Ink Seller, c1759 by Paul Sandby © Museum of London From Friday the new Street Cries exhibition about London’s eighteenth century poor opens here at the Museum of London. The Cries refers to the different occupations of the beggarly street-sellers depicted, and the shouts they would have used to advertise their wares. Cries were issued by various artists throughout the century with varying degrees of success, and are meant to represent different types of people who dwelt upon the margins of Georgian London. As the urban population increased throughout the period, so did the fear of poverty and vagrancy and the nature […]
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The story of London Tweed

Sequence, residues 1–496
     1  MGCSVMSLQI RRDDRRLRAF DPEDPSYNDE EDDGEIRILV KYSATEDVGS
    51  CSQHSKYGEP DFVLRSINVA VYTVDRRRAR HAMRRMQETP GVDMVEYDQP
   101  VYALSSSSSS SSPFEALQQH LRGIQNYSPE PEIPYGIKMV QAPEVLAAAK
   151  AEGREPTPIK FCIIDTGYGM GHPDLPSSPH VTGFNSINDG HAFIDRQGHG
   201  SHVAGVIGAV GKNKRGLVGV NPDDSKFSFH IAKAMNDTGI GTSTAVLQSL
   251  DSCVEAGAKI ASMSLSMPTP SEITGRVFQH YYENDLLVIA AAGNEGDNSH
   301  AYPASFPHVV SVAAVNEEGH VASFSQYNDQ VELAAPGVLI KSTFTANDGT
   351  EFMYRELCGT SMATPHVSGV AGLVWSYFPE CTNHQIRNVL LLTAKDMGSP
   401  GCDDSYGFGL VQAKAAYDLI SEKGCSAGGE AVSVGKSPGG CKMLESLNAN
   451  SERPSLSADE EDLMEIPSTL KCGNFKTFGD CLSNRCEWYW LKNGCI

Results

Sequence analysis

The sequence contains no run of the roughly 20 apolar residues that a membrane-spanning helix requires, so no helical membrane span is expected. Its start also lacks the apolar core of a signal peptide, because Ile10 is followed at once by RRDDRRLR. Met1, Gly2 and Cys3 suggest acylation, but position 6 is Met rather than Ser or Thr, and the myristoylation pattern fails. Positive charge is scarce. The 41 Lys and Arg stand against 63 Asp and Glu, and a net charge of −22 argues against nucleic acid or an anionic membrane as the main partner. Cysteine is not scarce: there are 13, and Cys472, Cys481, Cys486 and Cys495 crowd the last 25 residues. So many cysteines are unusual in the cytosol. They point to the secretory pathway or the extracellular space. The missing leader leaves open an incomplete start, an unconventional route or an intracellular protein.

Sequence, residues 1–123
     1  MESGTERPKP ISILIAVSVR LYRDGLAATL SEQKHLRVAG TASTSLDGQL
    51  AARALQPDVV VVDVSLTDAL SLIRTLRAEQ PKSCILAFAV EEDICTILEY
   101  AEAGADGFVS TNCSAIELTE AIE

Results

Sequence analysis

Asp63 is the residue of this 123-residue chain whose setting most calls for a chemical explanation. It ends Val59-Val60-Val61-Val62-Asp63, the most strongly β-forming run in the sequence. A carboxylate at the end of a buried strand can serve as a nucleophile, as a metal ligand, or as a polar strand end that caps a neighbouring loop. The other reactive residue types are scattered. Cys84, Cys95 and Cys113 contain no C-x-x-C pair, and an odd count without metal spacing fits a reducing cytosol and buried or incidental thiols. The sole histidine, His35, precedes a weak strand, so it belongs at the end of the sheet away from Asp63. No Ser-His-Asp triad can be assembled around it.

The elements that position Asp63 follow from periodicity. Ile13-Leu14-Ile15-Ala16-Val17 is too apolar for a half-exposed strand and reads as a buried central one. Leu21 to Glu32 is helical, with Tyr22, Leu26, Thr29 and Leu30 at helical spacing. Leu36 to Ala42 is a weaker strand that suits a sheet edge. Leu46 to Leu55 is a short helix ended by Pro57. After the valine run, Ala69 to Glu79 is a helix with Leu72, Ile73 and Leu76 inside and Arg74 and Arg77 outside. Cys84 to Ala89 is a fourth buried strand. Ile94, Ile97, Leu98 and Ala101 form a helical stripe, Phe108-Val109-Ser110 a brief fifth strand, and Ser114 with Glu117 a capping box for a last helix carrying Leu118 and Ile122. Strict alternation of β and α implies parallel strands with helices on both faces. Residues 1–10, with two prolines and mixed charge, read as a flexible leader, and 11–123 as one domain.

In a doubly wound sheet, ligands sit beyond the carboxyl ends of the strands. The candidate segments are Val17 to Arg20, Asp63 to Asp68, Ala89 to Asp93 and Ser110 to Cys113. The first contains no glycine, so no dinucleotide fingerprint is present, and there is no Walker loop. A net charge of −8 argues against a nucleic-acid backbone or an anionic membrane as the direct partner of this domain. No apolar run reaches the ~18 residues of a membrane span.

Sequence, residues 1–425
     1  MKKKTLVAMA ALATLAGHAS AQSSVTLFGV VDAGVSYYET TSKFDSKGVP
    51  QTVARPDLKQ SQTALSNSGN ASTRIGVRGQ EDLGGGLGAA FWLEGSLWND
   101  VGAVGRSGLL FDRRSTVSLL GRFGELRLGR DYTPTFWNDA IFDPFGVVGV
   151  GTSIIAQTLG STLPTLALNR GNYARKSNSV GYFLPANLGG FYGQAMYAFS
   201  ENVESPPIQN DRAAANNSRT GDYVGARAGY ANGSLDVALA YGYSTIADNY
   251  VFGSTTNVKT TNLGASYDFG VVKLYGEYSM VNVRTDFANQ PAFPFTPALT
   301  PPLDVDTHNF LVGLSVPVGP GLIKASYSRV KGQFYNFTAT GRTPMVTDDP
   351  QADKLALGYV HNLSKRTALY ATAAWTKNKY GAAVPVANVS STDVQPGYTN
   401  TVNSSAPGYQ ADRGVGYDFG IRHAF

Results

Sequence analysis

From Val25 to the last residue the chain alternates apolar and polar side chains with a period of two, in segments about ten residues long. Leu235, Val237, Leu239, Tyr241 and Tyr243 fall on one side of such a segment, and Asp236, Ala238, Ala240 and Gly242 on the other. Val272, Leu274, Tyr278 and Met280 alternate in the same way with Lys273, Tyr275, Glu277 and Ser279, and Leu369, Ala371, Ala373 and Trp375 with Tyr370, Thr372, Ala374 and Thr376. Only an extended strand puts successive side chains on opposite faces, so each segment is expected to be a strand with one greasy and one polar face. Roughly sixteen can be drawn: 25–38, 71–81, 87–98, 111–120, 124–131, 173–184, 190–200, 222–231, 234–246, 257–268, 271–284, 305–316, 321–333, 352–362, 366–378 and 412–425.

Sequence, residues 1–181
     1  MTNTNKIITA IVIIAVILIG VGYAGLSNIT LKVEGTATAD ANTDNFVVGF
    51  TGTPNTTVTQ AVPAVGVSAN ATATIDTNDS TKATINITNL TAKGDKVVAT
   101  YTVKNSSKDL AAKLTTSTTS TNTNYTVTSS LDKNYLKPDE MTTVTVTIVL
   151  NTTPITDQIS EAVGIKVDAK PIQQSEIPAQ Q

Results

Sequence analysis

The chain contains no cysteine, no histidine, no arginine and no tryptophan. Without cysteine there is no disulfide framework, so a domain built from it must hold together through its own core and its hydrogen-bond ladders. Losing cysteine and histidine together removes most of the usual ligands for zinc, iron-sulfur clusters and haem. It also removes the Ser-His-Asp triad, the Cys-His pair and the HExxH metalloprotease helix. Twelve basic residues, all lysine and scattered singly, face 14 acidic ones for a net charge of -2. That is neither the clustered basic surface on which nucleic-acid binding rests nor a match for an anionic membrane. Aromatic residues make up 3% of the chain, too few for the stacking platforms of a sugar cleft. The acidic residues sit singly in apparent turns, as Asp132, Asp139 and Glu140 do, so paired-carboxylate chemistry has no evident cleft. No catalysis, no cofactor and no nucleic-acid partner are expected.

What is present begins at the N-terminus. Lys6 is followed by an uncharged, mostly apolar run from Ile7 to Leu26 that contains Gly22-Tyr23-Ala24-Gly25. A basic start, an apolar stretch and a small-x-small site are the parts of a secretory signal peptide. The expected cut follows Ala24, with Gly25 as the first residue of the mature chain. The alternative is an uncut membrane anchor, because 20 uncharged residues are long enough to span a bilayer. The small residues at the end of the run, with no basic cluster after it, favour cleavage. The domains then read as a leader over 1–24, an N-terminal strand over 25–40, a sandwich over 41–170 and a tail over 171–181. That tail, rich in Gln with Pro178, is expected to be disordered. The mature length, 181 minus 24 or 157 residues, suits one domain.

So this is how the story goes. In 1826 a London merchant decides to buy some cloth from a weaver in Hawick, a town in the Scottish borders famous for its cloth production. Very happy with his order, he decides to get some more but – crucially – misreads the weaver’s dashed handwriting. Instead of ‘twill’ this Londoner reads ‘tweed’, and assumes this new cloth must take after the River Tweed which runs fast and clear through the textile areas of lower Scotland. ‘Tweed’ and not ’twill’ has been the term used ever since.
I Love You…I Love You Not: Victorian Valentine’s Day cards
When the Uniform penny post rocked up in 1840, it completely revolutionised the way in which people communicated. Sending letters and cards, such as those celebrating Valentine’s Day, became easier and cheaper and as a result a thriving business developed in central London.
From saintly to saucy: the medieval badge that wasn’t as innocent as it seemed
Cataloguing the Museum’s collection of medieval pilgrim badges for Collections Online has been a great opportunity for me to look really closely at our objects and sometimes to find out that items are not at all what they appear to be. A great example recently has been a tiny little badge in the shape of a comb.